Ten years later, I suspect to the day, Mr. I Didn’t Really, Actually, Truly Go to High School with Dan Marino went on a business trip and fell into the vagina of the co-worker he’d been making fun of on the way to the airport a few days earlier. At that time, Dan Marino had been retired nine years, and was hiding the illegitimate love child he’d created when he fell into a co-worker’s vagina. Be careful, guys. It is a va-jungle out there. Apparently.
I’ve gotten rid of both the Dolphins and the Dan Marino paraphernalia that’s been foisted on me, usually by in-laws, over the years. Except for a few pictures in each of the kid’s rooms (and the kids themselves), I’ve also rid the house of any ex-husband memorabilia.
I wouldn’t even bring this up, and anniversaries like this one would go completely unremembered if not for the Facebook Memories feature. But lest you think this is all depressing commentary, let me assure you this is actually very, very good news.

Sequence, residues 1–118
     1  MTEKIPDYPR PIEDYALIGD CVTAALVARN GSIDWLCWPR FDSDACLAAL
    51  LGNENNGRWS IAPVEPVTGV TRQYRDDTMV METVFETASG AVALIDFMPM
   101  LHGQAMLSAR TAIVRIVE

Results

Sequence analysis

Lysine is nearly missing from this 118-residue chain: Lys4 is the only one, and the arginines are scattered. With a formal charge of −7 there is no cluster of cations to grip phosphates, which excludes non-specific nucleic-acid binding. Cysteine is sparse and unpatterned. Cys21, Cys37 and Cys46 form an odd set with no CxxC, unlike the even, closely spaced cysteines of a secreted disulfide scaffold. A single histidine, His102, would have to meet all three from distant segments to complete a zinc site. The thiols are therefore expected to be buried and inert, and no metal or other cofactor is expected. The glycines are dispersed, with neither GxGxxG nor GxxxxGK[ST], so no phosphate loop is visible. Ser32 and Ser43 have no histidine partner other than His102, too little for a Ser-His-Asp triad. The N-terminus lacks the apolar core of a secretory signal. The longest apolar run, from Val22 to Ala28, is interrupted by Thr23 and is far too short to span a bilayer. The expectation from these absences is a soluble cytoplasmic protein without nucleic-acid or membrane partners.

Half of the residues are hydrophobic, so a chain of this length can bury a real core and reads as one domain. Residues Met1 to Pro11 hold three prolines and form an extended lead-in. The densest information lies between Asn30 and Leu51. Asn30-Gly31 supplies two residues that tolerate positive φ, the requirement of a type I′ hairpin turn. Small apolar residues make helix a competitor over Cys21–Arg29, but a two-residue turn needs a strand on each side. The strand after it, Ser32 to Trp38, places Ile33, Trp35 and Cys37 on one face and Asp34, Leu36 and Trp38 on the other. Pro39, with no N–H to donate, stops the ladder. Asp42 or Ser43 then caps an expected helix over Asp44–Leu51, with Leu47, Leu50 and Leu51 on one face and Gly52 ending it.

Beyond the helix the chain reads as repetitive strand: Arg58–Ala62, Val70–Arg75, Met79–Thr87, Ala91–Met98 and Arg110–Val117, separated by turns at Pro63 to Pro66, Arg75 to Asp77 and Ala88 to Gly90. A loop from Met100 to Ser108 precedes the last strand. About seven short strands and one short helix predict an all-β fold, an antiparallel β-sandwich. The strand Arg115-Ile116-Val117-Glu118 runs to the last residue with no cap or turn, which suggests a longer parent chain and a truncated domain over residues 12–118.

I don’t actually follow football anymore. My team was probably never really my team, my player let me down, and I have remarried a man who’s far more into soccer and is content to let me ignore that sport, too. But the laws of space and time dictate that if this is the seventeenth anniversary of a preseason football game, this – here, now – must also be football preseason, too!
Unless the laws of physics have completely broken, autumn is on the way, ya’ll! Here’s a recipe so you can celebrate, too. Leave out the karats.
2 tablespoons vegetable oil, divided
2 onions chopped
4 cloves garlic minced
3 pound brisket
1 pound spicy Italian sausage, no casing
2 pound butternut squash, diced.
3 (14.5 ounce) cans peeled and diced tomatoes with juice
3 bottles of Shiner Bock (pour the other three on your garden to kill slugs)
3 cups strong brewed coffee
4 (6 ounce) cans tomato paste